Are you a designer? A web or tech geek? You have no excuse to avoid watching the introduction of Google Wave. To quote my good friend Matt Lohkamp, “just watch the first 15 minutes, then see if you can stop.”
At least two of my presentations (and a fair amount of my college lectures) have included the assertion that the web is still in an early, pupa-like stage. Email is a classic example of this: an impressively prevalent new media standard based almost entirely on the constraints of dead wood pulp traversing the globe on planes, trains and automobiles.
Wave excites me because it sheds those pre-conceived notions of written communication in order to take advantage of the web’s unique strengths. It is truly an infinite canvas project at heart, free from the bindings of “messages” and “inboxes.” In the spirit of Google’s flagship search product, Wave gets out of the way. It allows us to simply talk to each other.
As amazing, fluid and instantaneous as the default interface appears to be, the commitment to introduce Wave as an open standard is a far greater and more important statement. Google’s first level of ubiquity came with their efficient, fast and relevant search. They pushed it further with the introduction of extensible services which continue to organize our information in increasingly intuitive and exciting ways. I am truly impressed at the level of objectivity and foresight required to acknowledge the only barrier between them and world domination: themselves.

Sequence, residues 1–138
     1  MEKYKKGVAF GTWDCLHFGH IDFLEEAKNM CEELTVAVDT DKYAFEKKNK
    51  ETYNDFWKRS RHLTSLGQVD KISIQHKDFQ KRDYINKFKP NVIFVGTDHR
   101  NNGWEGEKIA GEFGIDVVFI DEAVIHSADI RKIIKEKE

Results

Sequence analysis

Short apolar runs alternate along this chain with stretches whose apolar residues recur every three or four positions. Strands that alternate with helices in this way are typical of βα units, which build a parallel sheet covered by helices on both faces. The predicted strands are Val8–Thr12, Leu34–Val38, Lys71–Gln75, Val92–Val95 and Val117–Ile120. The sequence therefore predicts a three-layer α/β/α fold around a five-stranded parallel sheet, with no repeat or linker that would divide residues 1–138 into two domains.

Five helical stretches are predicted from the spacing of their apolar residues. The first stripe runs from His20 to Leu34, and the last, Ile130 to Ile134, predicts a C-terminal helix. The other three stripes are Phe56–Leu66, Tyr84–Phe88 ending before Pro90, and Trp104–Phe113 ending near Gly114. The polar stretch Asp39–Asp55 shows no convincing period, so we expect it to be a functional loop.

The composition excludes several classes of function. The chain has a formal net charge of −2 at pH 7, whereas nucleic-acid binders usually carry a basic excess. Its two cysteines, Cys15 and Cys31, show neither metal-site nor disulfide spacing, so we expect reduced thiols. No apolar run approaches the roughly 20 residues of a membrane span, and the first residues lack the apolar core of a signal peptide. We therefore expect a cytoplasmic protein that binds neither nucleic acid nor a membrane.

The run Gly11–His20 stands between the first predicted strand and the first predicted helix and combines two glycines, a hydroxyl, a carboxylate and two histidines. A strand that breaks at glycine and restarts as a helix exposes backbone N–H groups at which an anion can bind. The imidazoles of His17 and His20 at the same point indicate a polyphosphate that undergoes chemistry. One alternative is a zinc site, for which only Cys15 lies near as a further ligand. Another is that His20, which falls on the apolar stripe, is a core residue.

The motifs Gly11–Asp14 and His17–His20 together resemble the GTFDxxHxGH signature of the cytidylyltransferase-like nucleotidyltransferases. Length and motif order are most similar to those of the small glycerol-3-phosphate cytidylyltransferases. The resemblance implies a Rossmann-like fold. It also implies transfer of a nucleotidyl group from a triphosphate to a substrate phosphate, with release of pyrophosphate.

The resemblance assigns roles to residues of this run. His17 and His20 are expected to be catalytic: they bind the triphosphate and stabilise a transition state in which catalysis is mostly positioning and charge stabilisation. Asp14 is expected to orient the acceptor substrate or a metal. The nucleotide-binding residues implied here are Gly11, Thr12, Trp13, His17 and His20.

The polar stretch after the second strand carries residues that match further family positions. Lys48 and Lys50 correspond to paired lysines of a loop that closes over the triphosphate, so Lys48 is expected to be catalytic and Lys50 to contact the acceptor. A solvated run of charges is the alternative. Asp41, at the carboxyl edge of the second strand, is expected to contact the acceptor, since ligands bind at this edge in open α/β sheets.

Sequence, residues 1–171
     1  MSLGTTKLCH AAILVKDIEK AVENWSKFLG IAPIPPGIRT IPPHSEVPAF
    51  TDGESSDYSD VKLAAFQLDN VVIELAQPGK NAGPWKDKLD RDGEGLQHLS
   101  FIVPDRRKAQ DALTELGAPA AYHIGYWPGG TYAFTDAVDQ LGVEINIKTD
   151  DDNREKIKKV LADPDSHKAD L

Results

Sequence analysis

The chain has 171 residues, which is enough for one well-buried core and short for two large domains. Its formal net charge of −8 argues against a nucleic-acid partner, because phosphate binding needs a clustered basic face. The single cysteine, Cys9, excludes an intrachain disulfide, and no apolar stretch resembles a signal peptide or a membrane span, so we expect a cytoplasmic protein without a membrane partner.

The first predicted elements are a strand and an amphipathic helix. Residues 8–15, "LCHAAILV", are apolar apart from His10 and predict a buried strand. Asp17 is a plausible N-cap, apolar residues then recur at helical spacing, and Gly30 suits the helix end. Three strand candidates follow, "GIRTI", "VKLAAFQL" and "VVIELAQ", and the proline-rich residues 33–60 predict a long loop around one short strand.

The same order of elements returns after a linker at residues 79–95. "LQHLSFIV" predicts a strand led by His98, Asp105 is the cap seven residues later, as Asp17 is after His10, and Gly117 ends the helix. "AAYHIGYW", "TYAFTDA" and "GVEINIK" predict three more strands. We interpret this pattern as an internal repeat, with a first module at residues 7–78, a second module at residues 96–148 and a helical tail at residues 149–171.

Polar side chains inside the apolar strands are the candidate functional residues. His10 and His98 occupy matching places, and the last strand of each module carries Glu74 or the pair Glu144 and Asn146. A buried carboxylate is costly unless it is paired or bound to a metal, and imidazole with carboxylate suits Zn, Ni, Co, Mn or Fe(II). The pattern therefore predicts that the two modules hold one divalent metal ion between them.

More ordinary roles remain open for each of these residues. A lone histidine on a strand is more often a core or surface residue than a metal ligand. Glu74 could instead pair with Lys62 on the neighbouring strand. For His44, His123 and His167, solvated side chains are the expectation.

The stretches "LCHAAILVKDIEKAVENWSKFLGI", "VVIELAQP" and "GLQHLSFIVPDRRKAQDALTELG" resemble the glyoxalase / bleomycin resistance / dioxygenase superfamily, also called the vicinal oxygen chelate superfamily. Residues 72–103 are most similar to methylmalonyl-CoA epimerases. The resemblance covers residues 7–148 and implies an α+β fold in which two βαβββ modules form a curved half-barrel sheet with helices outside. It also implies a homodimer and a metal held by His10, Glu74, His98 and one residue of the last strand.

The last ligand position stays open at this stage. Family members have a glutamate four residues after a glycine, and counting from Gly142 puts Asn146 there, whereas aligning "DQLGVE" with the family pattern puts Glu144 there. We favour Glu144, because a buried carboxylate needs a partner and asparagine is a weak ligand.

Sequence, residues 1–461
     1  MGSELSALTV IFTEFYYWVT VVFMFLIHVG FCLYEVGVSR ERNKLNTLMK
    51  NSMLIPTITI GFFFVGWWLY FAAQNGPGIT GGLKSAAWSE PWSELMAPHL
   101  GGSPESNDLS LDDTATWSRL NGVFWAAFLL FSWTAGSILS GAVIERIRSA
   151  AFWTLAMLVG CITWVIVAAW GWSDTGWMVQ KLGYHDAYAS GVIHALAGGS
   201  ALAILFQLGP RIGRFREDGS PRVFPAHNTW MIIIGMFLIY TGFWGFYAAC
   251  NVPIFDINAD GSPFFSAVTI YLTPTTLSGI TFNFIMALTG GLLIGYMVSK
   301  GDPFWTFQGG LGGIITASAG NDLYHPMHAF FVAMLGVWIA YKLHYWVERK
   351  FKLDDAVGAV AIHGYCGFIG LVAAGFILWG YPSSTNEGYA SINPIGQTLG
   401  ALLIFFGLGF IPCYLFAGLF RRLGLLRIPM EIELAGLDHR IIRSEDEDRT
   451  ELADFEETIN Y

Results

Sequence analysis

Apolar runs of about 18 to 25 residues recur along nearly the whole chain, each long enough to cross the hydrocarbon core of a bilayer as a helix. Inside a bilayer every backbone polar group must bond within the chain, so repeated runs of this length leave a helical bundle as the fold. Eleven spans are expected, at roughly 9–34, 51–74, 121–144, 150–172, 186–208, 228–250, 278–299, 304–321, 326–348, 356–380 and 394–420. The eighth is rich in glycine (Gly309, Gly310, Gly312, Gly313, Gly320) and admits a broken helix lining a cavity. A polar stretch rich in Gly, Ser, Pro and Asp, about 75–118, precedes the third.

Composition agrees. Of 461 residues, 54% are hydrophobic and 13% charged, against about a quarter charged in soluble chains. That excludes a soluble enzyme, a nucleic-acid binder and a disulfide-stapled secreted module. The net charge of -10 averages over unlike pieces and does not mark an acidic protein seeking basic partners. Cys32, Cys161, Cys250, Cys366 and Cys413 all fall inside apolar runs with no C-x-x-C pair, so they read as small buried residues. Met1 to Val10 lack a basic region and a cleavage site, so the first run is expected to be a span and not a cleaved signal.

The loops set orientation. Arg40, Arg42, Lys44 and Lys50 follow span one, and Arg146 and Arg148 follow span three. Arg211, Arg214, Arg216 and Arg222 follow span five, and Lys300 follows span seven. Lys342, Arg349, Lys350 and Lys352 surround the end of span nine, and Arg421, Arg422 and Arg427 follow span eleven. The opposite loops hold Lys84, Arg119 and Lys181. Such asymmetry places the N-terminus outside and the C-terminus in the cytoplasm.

I’ve often heard that the increasing prevalance of Facebook and MySpace messaging may reveal email’s successor, but we may have failed to see the forest through the trees. The future is a standard of communication that exists in and apart from all our communication services, that accomodates our Grandma’s desire to share photos with the same appropriateness as our IT manager’s requirement of easily-managed, secure and efficient collaboration tools.
I normally reserve judgment of a product until I’ve used it myself, and I realize this entry must have an air of naiveté, but I can’t help it! For all my hyperbole, I confess to being an email codger who relies on a combination of Mozilla Thunderbird and Gmail born from a distrust of pure cloud communication. Fifteen minutes into this presentation, I was ready to abandon all of that.The truth is, I want to be using Wave right now. Will you join me later this year?
(Apologies to Engadget for the movie reference.)